And I think it’s very important for us to have that critical mindset because again of that power of technology that we currently have that just hardwired stuff that is actually not very good for us. And so I am delighted to see that now we’re moving away from that language, we no longer talk about talent, we talk about people.
And you can see even human resource functions being renamed into employee experience functions or people experience functions, and kind of democratizing the whole idea of people management. And that’s why I felt that it’s very important to bring that point through in the book and not just end up with showing the latest models and the latest data points about what’s happening in the current work environment.
Stela Lupushor: I want to add a few topics on the topic of language, because I think we have designed the world in the work environment that not only technology automates and creates, inequities and creates, potential for discrimination, but It is shaping how we perceive ourselves and how we behave. So there was a lot of debate that Anna and I had about even the word people or definition of workforce, because we call people employees and play experience.
And increasingly more and more of us go, so preneurs pursue gig economy, part time work. All of that excludes those segments from a lot of the programs that we design from a lot of the opportunities that we offer. So in a way, being an employee, it’s already a privilege that comes with a lot more benefits and perks and HR support than the rest of the workforce.
So for us, languages of an important component that we look at the workforce in a holistic way. Since we have workforces of different kinds of, and including digital labor, that’s part of the workforce. It gets the work done. So how we work and co-exist next to each other matters.
The workplace, that’s another broader, more inclusive, conversation because it’s not just the office space or the working from home. Workspace it’s a lot more expansive than just those physical and digital realms. And it’s really describing where the people get the work done and that can be co working space that can be on an island that can be in your, on your device, as long as you have all the equipment and the tools and the access to everything that you need to perform the work done, regardless of the physical space you occupy.
So I think when we start unpacking a lot of things that constitute our work environment. We have a lot of opportunity to not only redesign and use technology differently and be more responsible in creating analytics dashboards or whatever solutions, but also how we articulate what they charge us and how we support the activity of getting the work done.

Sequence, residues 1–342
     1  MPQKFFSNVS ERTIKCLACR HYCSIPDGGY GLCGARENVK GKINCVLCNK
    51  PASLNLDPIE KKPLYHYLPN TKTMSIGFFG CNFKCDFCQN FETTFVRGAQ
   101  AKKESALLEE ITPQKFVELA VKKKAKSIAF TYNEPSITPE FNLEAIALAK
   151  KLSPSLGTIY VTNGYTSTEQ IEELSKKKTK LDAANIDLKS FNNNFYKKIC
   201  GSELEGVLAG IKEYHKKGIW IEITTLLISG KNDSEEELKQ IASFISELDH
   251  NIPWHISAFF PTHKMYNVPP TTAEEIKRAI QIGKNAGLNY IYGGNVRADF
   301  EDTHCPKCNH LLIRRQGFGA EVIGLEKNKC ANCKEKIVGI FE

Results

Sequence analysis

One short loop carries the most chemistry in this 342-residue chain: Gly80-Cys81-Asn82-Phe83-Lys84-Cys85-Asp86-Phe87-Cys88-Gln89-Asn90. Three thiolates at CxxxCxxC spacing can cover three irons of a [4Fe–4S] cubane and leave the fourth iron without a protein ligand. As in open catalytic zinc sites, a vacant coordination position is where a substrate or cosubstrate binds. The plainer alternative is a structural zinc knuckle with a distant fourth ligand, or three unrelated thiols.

Sam Caucci: Stela I want to ask you about technology. Again, taking the point that was just made about language. Over the years coming in and out of different organizations and looking at the way they the way people budget things tell you tells you how they prioritize stuff, right? You know, and you see We’re even seeing it right now in this moment of, are we in a recession?
Is a recession coming? And you’re seeing where the layoffs are. Amazon just laid off thousands of workers. They fell into two camps, human resources, frontline retail. And it feels like that’s obviously a common trend. And I want to ask you about how technology can play a role in this moment where oftentimes it’s human resources. And you talk to business leaders and they say, you know, that’s the first thing that goes, it was the first, it was in many ways, the first thing that went during COVID, which is why so many companies struggled to hire workers back.
You know, they let go of the units responsible for coaching, development, identification. So what are the opportunities of technology, in a moment where budgets just continuously get cut in this area? And the solution selected may not always be the ones that are best for every worker.
Stela Lupushor: I love this question. And I think a lot of times we look at the technology as a solution to problems. Well, we’ll automate, therefore we can cut costs, human costs, or we’ll put, you know, robots in place.
Sam Caucci: ChatGPT. We’ve got ChatGPT now.